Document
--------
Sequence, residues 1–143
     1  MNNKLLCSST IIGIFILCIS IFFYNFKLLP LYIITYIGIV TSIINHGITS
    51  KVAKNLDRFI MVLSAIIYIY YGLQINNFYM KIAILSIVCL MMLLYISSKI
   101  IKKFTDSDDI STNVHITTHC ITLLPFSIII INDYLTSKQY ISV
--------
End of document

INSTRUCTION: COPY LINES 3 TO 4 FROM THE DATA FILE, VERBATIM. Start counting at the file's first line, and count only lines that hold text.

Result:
    51  KVAKNLDRFI MVLSAIIYIY YGLQINNFYM KIAILSIVCL MMLLYISSKI
   101  IKKFTDSDDI STNVHITTHC ITLLPFSIII INDYLTSKQY ISV